With an innovative mix of money, support and advice an RSA - inspired project is strengthening two think tanks – in Nepal and Sri Lanka – to make life that little bit harder for big tobacco companies. Will Paxton and Guy Lodge FRSA explain.
The Institute for Policy Studies (IPS) is an august institution in Colombo, Sir Lanka. Its grand modernist offices are at heart of the Sri Lankan capital, close to the centres of power. The economists of IPS, boasting degrees from top international universities and impressive technical expertise, work across core economic policy issues.
The Nepal Development Research Institute (NDRI)’s offices lie at the end of a narrow alley in the historic quarter of Kathmandu, Patan. Just minutes away are an array of temples and stupas, many still bearing the scars of the 2015 earthquake. NDRI has teams of think tankers working on issues from climate change to economic development; with a return to a semblance of political stability in Nepal after the 2017 elections, NDRI are well positioned to contribute to the country’s future.
Two very different think tanks in two very different political cultures and contexts, facing two very different sets of institutional challenges. But in April this year both NDRI and IPS started working on the same innovative project on tobacco control, a project that the RSA has helped inspire.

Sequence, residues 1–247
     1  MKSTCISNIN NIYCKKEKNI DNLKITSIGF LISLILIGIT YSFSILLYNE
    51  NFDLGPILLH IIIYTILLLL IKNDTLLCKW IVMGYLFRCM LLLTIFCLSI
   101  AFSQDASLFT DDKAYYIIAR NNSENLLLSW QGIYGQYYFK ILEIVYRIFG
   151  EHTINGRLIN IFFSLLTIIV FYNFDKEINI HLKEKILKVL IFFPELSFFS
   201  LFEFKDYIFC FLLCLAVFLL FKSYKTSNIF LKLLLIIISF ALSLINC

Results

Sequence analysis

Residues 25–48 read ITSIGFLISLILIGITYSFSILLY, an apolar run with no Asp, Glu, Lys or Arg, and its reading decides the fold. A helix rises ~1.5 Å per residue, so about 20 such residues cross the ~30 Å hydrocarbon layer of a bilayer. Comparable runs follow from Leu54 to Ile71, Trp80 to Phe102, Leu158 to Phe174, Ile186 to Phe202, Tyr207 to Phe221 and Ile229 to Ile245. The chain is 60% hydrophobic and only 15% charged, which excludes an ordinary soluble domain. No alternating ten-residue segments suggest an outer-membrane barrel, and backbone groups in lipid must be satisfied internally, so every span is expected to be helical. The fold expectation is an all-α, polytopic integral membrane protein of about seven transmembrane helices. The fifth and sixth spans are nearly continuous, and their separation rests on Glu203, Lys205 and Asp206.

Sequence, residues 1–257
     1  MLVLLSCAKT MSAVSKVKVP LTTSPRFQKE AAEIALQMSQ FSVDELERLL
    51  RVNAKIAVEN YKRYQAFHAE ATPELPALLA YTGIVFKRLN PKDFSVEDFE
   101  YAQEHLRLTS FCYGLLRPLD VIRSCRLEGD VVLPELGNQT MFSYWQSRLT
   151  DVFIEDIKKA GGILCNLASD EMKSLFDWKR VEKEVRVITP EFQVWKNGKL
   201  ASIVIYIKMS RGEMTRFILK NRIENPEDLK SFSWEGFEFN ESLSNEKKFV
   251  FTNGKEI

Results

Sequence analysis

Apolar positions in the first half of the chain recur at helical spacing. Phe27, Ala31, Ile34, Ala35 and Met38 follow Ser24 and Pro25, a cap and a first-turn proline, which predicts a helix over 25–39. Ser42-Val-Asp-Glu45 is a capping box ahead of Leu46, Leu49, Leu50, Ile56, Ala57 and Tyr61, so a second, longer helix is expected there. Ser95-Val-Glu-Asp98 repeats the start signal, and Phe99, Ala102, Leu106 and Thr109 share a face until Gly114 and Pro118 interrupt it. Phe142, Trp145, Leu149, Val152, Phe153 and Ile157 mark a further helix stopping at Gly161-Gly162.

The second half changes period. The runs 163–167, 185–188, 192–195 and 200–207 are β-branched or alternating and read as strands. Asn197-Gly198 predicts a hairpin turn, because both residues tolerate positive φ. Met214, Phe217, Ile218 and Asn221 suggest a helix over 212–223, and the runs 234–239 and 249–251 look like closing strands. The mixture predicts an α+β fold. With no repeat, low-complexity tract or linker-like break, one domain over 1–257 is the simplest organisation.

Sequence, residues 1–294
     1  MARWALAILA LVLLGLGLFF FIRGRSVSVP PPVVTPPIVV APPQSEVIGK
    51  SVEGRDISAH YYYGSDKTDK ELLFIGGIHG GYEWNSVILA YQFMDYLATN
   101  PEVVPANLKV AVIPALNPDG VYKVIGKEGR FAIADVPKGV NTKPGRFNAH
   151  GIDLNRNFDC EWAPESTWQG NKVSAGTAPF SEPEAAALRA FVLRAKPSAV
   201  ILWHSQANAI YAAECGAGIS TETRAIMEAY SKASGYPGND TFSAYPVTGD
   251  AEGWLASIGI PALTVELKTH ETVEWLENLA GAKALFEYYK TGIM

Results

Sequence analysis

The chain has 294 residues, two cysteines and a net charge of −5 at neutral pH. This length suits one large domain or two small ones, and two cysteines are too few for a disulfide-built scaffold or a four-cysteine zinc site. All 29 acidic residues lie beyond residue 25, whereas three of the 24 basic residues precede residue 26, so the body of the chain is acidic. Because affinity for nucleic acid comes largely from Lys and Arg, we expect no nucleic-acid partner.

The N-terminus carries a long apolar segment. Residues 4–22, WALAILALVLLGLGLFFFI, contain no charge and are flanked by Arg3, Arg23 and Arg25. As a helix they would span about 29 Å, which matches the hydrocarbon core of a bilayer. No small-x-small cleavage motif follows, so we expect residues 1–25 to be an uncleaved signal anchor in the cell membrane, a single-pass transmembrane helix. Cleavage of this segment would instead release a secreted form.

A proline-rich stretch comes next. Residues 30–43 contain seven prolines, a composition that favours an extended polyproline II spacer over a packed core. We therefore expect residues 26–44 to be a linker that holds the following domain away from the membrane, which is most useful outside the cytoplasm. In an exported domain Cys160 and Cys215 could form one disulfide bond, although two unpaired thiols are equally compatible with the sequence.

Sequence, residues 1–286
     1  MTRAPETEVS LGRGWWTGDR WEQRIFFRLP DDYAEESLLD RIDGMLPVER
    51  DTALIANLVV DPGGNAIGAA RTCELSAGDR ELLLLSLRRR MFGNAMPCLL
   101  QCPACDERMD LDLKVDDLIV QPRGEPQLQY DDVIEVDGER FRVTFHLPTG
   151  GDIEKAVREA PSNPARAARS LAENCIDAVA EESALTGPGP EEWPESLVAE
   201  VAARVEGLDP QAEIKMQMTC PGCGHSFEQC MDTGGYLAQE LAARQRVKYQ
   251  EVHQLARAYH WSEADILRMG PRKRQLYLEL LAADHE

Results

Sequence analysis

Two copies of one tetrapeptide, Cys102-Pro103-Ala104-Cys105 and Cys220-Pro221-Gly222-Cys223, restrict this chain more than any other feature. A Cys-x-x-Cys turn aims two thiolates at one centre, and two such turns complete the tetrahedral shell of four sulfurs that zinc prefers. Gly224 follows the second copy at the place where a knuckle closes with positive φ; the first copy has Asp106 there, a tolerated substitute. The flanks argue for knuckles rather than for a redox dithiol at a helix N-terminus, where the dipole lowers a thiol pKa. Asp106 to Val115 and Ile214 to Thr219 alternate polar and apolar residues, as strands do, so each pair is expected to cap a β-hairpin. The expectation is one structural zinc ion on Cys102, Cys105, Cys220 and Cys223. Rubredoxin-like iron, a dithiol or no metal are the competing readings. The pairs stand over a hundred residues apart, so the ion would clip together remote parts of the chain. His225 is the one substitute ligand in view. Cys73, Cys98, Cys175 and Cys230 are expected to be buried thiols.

Starting a major project on tobacco in Sri Lanka and Nepal
Back in early 2017 our organisation, Kivu, wrote a paper for the RSA on the role of think tanks in developing countries. For several years we had been working with think tanks in Zambia, India, Zimbabwe and Rwanda – providing mentoring, advice and support, helping local institutions increase their policy influence – and we wanted to reflect on the lessons learned.
The RSA paper caught the eye of a respected international development thinker, Duncan Green, and was then read by the international cancer prevention team at Cancer Research UK. An initial meeting between Kivu and Cancer Research UK in November 2017 started a process, which – a year-and-half on – led to this major new programme being kicked off in Sri Lanka and Nepal.
Locally led, politically informed policy advocacy has a key role to play in persuading the Sri Lankan and Nepalese governments to make some of the difficult policy changes, such as raising tobacco taxes.
For Cancer Research UK, working with Kivu to build up the capacity of IPS and NDRI offers the opportunity to develop home-grown policy solutions which will work in the different political and economic contexts of Nepal and Sri Lanka, and to strengthen the pressure on these governments from local civil society to tackle the biggest preventable cause of cancer.
The aim of the programme is for IPS and NDRI to establish themselves as new players in the tobacco policy debates in Sri Lanka and Nepal respectively. Neither has a track record of working in this space and success in a few years’ time would see them become go-to experts on tobacco control, producing influential, policy relevant and high-quality think tank outputs.